Indian sprinter Dutee Chand won the right to compete in track and field after international sports officials said her testosterone levels were too high and barred her from competition.
After failing a hormone test mandated by the International Association for Athletics Federation in 2014, Chand was found to have hyperandrogenism. That is a condition where one’s body has a natural presence of abnormally high levels of testosterone.
Instead of undergoing the required medical treatment to decrease her testosterone levels as female athletes have done in the past, Chand challenged the legal validity of the hyperandrogenism rules in the Court of Arbitration for Sport, based in Lausanne, Switzerland.
“What I had to face last year was not fair. I have a right to run and compete. But that right was taken away from me,” Chand, now 19, said in a statement released by her lawyers. “I was humiliated for something that I can’t be blamed for. I am glad that no other female athlete will have to face what I have faced, thanks to this verdict.”
The CAS ruled on Monday that the IAAF failed to prove that women with naturally high levels of testosterone had a competitive edge, and has suspended hyperandrogenism rules pending new evidence that links higher amounts of testosterone to improved athletic performance.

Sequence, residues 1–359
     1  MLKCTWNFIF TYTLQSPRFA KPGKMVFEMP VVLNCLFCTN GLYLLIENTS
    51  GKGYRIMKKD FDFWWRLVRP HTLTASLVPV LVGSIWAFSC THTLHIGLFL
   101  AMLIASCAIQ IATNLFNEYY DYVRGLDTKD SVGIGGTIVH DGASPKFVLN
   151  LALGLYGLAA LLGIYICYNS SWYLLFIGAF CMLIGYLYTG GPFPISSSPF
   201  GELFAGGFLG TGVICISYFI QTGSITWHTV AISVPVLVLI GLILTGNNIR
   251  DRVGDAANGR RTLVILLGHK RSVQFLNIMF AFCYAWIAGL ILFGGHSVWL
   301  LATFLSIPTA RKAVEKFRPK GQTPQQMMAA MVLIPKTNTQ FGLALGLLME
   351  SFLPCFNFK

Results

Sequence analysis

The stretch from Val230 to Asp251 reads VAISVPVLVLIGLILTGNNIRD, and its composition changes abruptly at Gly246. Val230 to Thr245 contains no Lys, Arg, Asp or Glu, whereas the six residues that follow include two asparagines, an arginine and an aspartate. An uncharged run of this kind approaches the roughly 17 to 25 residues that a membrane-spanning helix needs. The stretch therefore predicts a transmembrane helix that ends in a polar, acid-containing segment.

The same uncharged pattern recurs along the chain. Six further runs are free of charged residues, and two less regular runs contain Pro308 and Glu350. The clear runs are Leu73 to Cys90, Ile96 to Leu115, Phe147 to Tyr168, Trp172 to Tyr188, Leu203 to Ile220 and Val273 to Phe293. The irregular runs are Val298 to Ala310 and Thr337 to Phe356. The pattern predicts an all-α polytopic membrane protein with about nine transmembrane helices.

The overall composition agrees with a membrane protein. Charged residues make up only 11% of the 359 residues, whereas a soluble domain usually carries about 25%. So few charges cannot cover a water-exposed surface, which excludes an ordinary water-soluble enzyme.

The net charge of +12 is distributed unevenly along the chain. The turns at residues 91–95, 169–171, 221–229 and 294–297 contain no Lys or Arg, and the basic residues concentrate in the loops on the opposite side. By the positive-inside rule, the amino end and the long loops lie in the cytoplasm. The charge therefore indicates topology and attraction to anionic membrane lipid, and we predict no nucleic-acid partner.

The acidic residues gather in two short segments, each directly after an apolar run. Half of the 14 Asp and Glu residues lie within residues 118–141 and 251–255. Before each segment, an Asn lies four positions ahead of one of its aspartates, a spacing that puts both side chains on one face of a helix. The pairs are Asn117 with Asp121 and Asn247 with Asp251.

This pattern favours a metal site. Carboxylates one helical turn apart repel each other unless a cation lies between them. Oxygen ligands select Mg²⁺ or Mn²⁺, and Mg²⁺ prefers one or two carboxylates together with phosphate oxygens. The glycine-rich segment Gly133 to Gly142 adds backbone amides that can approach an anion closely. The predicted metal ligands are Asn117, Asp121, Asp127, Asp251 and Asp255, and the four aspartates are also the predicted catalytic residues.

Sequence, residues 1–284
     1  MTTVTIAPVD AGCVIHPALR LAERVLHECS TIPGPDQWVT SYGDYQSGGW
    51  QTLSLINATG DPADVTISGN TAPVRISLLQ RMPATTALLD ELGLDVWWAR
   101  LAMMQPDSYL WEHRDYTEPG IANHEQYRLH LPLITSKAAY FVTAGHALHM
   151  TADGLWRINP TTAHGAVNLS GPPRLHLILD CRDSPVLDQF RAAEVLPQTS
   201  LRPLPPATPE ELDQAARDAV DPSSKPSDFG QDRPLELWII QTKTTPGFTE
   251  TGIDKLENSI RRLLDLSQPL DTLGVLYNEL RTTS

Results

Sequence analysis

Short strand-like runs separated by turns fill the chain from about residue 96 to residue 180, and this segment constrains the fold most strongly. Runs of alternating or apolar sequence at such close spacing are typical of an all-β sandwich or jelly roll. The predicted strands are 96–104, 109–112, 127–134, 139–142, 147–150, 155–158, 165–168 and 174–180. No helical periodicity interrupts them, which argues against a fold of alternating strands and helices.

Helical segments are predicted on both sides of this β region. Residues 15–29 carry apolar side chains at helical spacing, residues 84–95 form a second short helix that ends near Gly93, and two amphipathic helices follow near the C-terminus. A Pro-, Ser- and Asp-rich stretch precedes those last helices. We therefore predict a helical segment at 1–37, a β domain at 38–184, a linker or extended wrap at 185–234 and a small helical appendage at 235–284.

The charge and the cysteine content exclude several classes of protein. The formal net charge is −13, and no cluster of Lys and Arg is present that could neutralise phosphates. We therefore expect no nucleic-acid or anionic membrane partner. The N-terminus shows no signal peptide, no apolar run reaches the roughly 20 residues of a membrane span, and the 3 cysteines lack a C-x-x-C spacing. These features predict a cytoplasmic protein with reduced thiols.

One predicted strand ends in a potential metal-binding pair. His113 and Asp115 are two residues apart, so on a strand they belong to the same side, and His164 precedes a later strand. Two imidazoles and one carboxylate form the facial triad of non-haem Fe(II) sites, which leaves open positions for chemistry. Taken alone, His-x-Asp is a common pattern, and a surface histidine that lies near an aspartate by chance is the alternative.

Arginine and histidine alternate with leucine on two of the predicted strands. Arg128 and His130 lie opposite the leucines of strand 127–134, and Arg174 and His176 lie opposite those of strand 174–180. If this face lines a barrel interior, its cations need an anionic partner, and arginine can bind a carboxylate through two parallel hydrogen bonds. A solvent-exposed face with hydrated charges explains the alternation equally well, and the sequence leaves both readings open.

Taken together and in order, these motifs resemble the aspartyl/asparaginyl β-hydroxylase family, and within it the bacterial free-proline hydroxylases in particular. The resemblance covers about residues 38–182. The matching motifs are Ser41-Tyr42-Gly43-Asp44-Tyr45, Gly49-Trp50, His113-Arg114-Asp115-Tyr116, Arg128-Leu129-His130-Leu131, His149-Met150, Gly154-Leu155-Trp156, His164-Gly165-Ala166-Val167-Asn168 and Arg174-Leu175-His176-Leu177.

With the court’s ruling in place, Chand was cleared to compete, and the IAAF now has until 2017 to present new scientific evidence to support its claim of hormones and competitiveness. If no evidence is found, the IAAF’s rules on hyperandrogenism will be declared void.
Following the hearing, the IAAF issued a press release that it will meet The IAAF will meet with its experts and International Olympic Committee to determine next steps in the process.
Chand and other hyperandrogenic women can now participate in international competitions, which may include the 2016 Summer Olympics in Rio de Janeiro.
Not all female athletes were in favor of the ruling.
British runner Paula Radcliffe testified in support of the IAAF, the New York Times reported.
“The concern remains that their bodies respond in different, stronger ways to training and racing than women with normal testosterone levels, and that this renders the competition fundamentally unfair.” Radcliffe also said that higher testosterone levels “make the competition unequal in a way greater than simple natural talent and dedication.”
The IAAF in 2011 began requiring female athletes to undergo medical testing to show that they have a testosterone level at the lower end of the male range. This was after South African 800-meter runner Caster Semenya was sidelined in 2009 after winning the world title in Berlin.
The ruling was specifically made for track and field’s rules, but the court’s jurisdiction is likely to serve as a precedent for other global sports.
The court stated after the hearing that “Nature is not neat.”
“Although athletics are divided into discrete male and female categories, sex in humans is not simply binary. As it was put during the hearing: ‘Nature is not neat.’ There is no single determinant of sex,” the court said, according to the New York Times.